Discover the cosmos! Each day a different image or photograph of our fascinating universe is featured, along with a brief explanation written by a professional astronomer.
2016 December 22
Explanation: Looking out the window of an airplane, you might be lucky enough to see "the glory" in the direction directly opposite the Sun. Before airplanes, the phenomenon, known to some as the heiligenschein or the Specter of the Brocken, was sometimes seen from mountaintops. There, when conditions were right, one could look away from the Sun and see what appeared to be the shadow of a giant surrounded by a bright halo. The giant turns out to be the observer, as in the modern version a silhouette of an plane frequently occupies the glory's center. This bright glory was photographed two weeks ago over Michigan from an airplane on approach to O'Hare International Airport. The cause of the glory is still being researched and is relatively complex. Surely, small droplets of water in some way reflect, refract, and diffract sunlight backwards towards the Sun. The phenomenon has similar counterparts in other branches of science including astronomy, where looking out from the Earth in the direction opposite the Sun yields a bright spot called the gegenschein.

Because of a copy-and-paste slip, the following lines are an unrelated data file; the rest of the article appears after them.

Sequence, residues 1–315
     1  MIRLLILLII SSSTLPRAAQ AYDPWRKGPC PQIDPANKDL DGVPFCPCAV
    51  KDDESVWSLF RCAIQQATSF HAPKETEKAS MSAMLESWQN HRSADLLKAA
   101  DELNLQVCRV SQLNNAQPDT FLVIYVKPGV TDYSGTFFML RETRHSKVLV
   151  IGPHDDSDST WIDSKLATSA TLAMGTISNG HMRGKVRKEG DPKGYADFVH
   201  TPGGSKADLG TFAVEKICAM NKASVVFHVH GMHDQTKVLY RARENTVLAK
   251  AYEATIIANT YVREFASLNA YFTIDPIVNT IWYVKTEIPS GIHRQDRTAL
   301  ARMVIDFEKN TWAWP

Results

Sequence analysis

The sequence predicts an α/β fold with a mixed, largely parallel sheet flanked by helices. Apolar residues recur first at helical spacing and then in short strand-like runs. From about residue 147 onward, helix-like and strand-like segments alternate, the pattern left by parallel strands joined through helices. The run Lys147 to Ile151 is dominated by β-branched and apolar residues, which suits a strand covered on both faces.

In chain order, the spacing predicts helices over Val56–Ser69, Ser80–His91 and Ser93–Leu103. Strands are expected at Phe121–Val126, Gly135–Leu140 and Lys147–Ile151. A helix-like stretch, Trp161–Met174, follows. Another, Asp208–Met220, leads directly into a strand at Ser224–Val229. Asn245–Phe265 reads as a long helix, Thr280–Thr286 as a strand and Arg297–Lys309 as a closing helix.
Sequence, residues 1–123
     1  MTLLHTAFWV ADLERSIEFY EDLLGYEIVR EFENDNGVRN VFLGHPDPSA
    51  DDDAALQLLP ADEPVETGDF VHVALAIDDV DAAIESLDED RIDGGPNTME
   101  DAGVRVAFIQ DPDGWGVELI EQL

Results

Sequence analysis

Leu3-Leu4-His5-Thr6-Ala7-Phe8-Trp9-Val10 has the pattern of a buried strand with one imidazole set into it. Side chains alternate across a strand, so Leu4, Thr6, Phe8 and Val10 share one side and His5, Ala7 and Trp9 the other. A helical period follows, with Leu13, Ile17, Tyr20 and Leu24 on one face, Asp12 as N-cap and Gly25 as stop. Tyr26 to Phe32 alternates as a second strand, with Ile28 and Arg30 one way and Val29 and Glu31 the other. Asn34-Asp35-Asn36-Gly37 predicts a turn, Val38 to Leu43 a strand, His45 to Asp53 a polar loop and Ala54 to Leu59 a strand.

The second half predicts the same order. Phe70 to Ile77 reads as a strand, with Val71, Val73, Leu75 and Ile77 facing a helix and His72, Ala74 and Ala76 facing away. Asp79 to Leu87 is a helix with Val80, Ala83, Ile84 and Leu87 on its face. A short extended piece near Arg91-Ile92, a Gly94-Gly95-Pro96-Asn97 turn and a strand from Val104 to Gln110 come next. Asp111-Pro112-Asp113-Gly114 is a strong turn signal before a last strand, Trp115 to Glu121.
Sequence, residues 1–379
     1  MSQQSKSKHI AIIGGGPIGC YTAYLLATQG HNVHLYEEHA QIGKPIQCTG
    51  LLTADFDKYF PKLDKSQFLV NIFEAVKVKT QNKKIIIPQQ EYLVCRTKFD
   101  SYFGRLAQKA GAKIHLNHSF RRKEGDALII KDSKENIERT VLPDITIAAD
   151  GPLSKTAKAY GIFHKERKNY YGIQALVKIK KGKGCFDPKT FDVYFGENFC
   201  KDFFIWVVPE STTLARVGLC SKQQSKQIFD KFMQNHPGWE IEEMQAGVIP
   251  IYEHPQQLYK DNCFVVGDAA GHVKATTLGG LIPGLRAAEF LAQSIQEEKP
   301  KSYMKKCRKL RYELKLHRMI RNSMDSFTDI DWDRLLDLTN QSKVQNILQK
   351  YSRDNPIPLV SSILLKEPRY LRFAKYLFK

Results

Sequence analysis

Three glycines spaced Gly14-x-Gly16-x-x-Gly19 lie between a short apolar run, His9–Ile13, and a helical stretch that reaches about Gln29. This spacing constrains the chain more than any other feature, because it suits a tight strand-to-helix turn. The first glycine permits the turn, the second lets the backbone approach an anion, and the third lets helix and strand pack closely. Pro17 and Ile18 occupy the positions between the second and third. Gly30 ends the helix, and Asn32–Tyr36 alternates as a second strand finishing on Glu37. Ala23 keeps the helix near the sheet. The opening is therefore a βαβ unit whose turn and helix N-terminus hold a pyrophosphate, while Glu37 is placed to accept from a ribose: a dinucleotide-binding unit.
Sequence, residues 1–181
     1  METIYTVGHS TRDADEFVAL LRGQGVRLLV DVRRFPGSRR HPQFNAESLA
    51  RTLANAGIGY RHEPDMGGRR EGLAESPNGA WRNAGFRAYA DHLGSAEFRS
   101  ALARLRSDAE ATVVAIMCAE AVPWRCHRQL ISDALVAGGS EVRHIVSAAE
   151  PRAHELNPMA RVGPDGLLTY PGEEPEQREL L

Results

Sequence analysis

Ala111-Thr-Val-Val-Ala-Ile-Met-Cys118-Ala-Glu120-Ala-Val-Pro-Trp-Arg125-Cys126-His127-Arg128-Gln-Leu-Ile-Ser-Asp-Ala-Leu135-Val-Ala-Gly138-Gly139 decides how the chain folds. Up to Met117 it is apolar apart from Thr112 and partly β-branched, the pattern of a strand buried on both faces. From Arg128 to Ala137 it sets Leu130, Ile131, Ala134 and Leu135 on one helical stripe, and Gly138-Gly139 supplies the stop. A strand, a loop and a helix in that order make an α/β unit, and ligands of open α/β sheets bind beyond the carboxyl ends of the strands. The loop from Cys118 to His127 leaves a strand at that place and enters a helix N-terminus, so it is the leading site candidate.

Authors & editors:
Jerry Bonnell (UMCP)
NASA Official: Phillip Newman Specific rights apply.
A service of: ASD at NASA / GSFC
& Michigan Tech. U.